Beyond the Scope: A Q & A

At last week's live film premiere, we talked with Anna Le and Chelsea Jolly about Yellowstone, racism in the National Parks, and what it was like to create this project together.

By: The Outbound Collective + Save to a List

A note from film director Chelsea Jolly:

In addition to telling a piece of Anna’s journey in conservation and science communications, a big goal in this film was to focus on the parallels between Anna’s work and the need for more collaboration, access, and mindful stewardship in the outdoor spaces we share with so many. I was really hoping to tell a visual story of representation that celebrated different species and landscapes and touched on the interconnectedness between them all.

Often in places like Yellowstone National park, the megafauna such as wolves, bison, pronghorn, and elk are the most sought after and sightings are a revered experience for a lot of visitors to observe. In this film, I aimed to highlight more of the unsung species and biodiversity of the outdoors (of which Anna has a lot of knowledge) in the hopes of sparking a different conversation around how we assign value to the natural world and each other.

Q & A

Here is a conversation between Outbound Collective co-founder Brian Heifferon, Anne Le, and film director Chelsea Jolly:

Brian: What was your favorite part of the entire experience?

Chelsea: It’s not everyday in this profession that you get this kind of group in this kind of environment. I had never been to Yellowstone. I don‘t know how many of you have, but that felt like a once in a lifetime opportunity to be there with the team we had.

Brian: We want to have an opportunity to answer questions in the audience. Before we get there, is there anything you (Anna and Chelsea) want to ask or that you'd like to talk about?

Anna: (To Chelsea) Who is your favorite person from the Wondercamp crew?

Chelsea: (Jokingly points to herself.)

Anna: I guess I have a question for Brian! Um, so when you heard about this project, what were your expectations of it and what kind of story were you hoping for it to be representing?

Brian: I wanted to represent who we are and who you are authentically. That’s what we want to do. The whole point of this film series, I think this is like the sixth film in our Everyone Outside series, is to represent the outdoors that we know exists in our lives and the people in our communities. 

We want to let other people know that us folks are out there in the outdoors and everyone should be participating. I think it’s healthy and in the best interest for everyone. We just wanted to tell your story and you did so beautifully, so thank you.

Anna: Thanks, Brian! One more question. For those of you who are new here, and I certainly am new, this video was for a series called Everyone Outside. Can you just do, like, a 20-second synopsis of what Everyone Outside really entails?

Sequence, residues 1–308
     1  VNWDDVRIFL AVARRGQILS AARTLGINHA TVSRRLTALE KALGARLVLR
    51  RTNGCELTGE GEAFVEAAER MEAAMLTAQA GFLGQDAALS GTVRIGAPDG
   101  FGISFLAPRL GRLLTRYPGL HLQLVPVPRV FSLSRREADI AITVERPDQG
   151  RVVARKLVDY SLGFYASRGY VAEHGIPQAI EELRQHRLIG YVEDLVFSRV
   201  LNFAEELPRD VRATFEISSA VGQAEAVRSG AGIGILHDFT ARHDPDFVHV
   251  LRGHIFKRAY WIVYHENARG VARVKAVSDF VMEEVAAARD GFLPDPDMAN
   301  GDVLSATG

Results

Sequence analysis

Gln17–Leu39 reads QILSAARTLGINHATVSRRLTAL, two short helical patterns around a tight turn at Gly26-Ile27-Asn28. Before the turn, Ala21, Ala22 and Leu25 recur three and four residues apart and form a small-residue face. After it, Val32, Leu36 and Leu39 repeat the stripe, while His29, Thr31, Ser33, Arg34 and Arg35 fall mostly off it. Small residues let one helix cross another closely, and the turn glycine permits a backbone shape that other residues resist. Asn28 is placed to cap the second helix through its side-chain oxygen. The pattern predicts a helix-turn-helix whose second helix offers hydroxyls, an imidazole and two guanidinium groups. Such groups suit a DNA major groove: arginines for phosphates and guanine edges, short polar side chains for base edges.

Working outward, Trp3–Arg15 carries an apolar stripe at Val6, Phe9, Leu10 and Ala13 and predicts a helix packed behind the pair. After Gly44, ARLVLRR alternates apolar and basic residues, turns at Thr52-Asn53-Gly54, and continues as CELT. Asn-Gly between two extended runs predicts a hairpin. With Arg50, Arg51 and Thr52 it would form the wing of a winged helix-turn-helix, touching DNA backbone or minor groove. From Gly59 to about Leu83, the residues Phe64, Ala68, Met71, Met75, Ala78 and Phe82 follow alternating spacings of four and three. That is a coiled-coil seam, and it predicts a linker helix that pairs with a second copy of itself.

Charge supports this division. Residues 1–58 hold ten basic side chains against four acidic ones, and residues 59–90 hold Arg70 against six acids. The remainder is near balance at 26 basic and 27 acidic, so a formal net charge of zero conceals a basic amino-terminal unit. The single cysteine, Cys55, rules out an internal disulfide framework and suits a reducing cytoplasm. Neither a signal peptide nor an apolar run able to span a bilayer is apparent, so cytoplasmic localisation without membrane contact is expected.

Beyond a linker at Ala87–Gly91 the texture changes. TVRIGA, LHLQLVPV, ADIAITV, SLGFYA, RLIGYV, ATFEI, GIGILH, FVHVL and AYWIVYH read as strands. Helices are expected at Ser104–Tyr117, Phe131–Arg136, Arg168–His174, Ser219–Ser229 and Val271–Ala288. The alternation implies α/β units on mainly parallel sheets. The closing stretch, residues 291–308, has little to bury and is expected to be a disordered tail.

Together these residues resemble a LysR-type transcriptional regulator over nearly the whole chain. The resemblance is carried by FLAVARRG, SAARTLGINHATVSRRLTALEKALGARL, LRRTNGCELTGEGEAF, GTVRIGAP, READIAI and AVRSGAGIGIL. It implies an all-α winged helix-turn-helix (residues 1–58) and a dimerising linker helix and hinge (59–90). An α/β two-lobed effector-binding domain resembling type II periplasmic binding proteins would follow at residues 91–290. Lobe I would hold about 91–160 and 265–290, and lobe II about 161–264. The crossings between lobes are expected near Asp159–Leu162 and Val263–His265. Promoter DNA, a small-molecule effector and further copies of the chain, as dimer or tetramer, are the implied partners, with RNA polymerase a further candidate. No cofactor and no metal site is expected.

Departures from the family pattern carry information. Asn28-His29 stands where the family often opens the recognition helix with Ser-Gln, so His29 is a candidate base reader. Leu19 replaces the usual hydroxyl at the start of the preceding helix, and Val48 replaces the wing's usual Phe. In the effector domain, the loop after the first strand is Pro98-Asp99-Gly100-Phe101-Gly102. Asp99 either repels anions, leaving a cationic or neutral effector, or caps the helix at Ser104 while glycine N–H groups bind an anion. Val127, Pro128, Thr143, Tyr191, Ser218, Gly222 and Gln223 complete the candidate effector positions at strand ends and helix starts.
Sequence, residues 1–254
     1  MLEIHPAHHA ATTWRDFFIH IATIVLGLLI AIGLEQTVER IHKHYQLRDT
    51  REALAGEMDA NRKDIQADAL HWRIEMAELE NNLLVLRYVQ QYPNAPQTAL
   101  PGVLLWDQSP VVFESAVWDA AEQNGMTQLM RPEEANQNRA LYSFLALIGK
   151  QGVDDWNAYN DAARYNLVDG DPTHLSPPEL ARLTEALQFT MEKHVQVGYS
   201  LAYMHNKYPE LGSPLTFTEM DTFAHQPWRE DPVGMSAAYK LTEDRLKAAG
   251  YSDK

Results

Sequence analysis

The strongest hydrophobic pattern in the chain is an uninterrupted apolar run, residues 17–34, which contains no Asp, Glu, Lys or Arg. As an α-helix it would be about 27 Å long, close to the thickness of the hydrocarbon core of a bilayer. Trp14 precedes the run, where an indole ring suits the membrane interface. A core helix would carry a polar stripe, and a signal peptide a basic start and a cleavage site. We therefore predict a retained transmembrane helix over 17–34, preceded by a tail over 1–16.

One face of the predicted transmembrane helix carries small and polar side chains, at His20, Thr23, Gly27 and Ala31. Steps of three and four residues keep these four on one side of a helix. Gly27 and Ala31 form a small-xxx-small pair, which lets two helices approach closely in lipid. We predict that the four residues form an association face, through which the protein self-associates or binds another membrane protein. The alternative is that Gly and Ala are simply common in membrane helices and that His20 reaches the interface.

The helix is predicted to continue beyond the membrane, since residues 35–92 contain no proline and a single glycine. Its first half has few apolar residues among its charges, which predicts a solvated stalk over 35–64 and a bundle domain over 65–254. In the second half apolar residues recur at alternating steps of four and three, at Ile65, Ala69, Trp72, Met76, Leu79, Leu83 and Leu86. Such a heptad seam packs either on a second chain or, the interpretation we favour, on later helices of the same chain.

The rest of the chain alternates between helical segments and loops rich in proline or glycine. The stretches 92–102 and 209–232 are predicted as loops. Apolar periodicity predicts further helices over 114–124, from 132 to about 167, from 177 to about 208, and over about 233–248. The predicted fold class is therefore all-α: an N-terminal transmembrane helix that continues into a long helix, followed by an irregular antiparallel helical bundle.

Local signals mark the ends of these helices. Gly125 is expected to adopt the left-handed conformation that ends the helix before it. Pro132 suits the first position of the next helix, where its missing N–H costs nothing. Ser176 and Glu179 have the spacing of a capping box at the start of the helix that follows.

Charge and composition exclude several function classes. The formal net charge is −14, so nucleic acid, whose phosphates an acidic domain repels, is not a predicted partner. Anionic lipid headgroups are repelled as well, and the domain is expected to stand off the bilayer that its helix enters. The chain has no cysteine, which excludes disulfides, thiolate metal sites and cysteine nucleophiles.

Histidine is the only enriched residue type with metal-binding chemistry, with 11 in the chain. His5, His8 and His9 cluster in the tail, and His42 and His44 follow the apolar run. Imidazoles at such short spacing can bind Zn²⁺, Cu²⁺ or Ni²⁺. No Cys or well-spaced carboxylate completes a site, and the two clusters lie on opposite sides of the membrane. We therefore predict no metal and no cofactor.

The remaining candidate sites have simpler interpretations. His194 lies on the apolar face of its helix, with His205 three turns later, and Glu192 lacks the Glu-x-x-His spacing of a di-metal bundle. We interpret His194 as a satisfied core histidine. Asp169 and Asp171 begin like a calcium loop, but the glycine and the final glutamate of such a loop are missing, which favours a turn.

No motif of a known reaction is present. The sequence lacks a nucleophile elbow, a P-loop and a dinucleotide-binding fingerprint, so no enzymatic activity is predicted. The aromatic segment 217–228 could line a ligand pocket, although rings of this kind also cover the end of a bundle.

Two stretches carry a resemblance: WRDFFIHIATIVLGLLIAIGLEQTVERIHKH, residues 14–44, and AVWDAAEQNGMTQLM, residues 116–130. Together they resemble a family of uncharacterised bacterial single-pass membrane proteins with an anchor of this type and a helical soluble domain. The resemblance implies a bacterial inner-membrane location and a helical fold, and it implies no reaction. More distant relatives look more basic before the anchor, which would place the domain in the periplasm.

Brian: Yeah. I’m supposed to be the person interviewing tonight! We (Outbound Collective) started Everyone Outside to help more people get into the outdoors. We started the company because the traditional outdoor narrative seemed very aggressive. Like, "I’ve got a frozen beer and I’m sitting on the top of the mountain.” It’s super extreme and that’s not who I am or who my friends are. I never grew up that way. I surf and I car camp and that’s kind of the extent of my outdoorsiness.

I think drinking beers in the outdoors in the park is better than being inside, so to that level we wanted to create a product and tell a story that kind of pushes back against the narrative of what it means to be traditionally outdoorsy. That wasn’t an inclusive narrative - It’s very particular to a certain type of person.

We want people to find a sense of belonging in the outdoors. Part of that is telling a series of stories and publishing stories and producing films. That’s kind of the whole essence of getting everyone outside. 

Does anyone have any questions they’d like to ask of Anna or Chelsea? We can pass microphones. Yes?

Still from the film.

Audience member Josh Deiss: Hello! (In the film) there was a quick cut to a photo of a group of the KKK in front of the gate. I’m wondering if you could give some more context behind that photo.

Chelsea: Absolutely. So, this is quite a powerful image, as we all know. This was an archival image taken from a local historian who had submitted it to a journalist who did an article on the BLM protest in Gardner. There was this huge backstory and I got super into researching the history of the town and the KKK population there.

During the George Floyd protests, the surrounding community tried to do a BLM protest. Apparently, park authorities specifically did not want the BLM protestors to protest in front of the arch and so they isolated them to a portion of Mammoth Hot Springs stipulating that there can only be 15 of them and they couldn’t have bullhorns or say anything basically. 

But then, all these Trump supporters came through and they were harassing protestors and rallying in front of the arch. In this photo, there was a deeper story I wanted to tell there, and I could only give it a certain amount of time in the film.